Know Your Students’ Allergies and Special Concerns

Many teachers ask for this information on new student registration forms, and it’s important information to have. If you don’t have it, this would be a good time to start gathering it.

It’s necessary to know of any food allergies if you give out candy or have refreshments at recitals or group lessons. Some students may be allergic to pets, perfume, dust, or even the chemicals in certain cleaning products.

If you know about these issues beforehand you can be especially careful to minimize any allergens in your studio and provide your students with the safest learning environment possible.

Suspend Group Lessons and Activities

At the time this post is being written, my home state of Michigan is discouraging gatherings of over one hundred people and placing a mandatory ban on gatherings of two-hundred and fifty or more.

It’s unlikely that any music teacher’s group lessons generate those kind of numbers, but it still might be best to suspend them for the time being in the interest of not spreading germs from one family to another.

Scheduled recitals, festivals, and concert performances, on the other hand, may be large enough to cause concern. Depending on the guidelines and/or bans being issued in your local area, you might need to postpone those as well.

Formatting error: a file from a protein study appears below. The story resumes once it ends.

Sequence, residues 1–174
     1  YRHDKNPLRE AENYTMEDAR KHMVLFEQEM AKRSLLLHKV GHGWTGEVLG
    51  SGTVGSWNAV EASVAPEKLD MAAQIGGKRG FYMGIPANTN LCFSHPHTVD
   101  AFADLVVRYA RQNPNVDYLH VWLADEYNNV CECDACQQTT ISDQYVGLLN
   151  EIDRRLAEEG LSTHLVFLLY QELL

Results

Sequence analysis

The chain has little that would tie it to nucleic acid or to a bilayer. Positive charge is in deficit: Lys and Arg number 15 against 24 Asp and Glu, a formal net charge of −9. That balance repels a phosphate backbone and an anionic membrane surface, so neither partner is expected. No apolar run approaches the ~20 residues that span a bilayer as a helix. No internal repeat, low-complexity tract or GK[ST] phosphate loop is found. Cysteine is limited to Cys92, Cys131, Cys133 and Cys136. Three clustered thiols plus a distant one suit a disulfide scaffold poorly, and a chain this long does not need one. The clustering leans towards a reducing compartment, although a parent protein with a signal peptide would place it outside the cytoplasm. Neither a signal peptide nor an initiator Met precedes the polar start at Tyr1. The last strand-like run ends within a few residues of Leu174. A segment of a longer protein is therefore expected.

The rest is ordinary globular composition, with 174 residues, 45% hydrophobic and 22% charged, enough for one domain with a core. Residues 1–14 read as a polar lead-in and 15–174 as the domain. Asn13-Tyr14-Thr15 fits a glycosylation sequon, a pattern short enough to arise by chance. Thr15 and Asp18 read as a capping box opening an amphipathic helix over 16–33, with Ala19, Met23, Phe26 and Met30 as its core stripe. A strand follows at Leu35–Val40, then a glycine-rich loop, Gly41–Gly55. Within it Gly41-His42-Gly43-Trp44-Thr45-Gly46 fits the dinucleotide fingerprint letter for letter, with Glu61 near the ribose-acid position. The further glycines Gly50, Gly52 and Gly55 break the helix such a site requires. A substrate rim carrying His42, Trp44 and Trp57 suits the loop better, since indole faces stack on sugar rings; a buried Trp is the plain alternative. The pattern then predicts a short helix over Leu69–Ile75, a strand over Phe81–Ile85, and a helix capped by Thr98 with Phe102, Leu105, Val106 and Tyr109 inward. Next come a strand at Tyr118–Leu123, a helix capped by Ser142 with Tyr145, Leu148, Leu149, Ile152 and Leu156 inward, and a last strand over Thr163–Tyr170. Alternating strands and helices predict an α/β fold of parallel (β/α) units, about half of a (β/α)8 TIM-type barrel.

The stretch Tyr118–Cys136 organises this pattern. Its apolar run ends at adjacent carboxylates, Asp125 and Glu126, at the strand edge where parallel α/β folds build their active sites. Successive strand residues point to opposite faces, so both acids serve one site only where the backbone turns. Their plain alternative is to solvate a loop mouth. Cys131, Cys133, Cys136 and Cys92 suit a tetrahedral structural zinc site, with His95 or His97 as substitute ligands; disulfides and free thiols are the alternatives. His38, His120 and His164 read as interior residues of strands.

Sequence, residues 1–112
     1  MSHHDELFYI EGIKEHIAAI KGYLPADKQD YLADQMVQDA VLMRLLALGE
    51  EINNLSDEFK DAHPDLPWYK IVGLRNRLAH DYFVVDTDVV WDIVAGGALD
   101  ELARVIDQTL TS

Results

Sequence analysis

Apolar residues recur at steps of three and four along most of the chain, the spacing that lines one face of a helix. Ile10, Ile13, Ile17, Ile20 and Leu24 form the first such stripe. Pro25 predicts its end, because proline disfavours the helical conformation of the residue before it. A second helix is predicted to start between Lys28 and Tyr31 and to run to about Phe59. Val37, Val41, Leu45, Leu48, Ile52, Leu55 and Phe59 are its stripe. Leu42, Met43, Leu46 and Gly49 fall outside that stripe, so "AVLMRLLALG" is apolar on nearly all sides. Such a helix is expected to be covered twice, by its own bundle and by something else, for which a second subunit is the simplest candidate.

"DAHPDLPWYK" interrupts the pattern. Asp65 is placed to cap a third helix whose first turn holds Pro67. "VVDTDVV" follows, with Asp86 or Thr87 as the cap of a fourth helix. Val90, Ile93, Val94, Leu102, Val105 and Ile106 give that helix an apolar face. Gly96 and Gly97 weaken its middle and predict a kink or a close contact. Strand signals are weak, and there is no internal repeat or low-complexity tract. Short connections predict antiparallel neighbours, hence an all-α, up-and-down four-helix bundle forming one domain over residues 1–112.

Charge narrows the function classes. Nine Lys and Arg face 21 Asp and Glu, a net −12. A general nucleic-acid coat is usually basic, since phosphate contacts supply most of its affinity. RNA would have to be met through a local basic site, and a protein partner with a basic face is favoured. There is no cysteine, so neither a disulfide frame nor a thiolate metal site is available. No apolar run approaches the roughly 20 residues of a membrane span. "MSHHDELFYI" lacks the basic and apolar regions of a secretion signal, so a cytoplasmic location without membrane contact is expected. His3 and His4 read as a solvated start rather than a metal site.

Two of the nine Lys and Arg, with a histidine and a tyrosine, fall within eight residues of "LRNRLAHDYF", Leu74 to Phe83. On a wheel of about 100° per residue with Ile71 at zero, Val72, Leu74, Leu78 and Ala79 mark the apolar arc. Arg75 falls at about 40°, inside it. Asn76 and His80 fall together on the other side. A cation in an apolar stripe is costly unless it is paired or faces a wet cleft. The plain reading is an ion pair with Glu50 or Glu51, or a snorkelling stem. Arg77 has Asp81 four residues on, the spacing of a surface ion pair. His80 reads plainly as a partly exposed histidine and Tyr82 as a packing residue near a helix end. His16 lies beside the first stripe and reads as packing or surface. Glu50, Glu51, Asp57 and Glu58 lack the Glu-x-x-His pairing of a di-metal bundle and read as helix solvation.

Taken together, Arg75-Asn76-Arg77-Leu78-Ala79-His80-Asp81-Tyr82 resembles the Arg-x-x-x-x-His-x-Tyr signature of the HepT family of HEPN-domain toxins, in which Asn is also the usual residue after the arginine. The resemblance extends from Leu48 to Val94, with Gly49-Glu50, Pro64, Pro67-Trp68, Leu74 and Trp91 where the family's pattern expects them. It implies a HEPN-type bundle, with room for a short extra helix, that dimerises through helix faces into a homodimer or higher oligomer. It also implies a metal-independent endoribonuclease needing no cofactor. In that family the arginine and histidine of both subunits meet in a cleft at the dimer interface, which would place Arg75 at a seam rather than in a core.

Have a “No Illness” Cancellation Policy

Especially in the middle of the current pandemic, it’s best to ask students not to attend lessons if they or members of their household are experiencing any symptoms of illness, even minor ones.

The same goes for you as a teacher: if you’re feeling at all under the weather, it’s best not to risk it.

Do Your Homework

The situation in our communities is changing day by day, which makes it hard to plan for the long term.

In our current health emergency, it’s crucial to stay current on what’s happening and the steps being taken to mitigate the spread of the virus.

Make sure you’re keeping up to date on information from the CDC and other reliable sources, as well as any government recommendations or mandates that might affect your ability to continue teaching lessons.

If In Doubt, Cancel

If you’re unsure or uneasy about having lessons, it’s best not to. Listen to your gut and put your health and the health of your students first!

We’re all doing our best to act wisely and make informed choices. Sometimes we need to err on the side of caution because it’s just not worth the risk.

Important Note: I am not a licensed medical professional, and nothing in this blog post should replace information, recommendations, or mandatory courses of action from medical experts or the government. This is just some helpful, non-binding advice from one music teacher to another on how to best protect ourselves and our students during a time of widespread illness.

How do you keep your studio clean and germ-free? Join the discussion below in the comments section.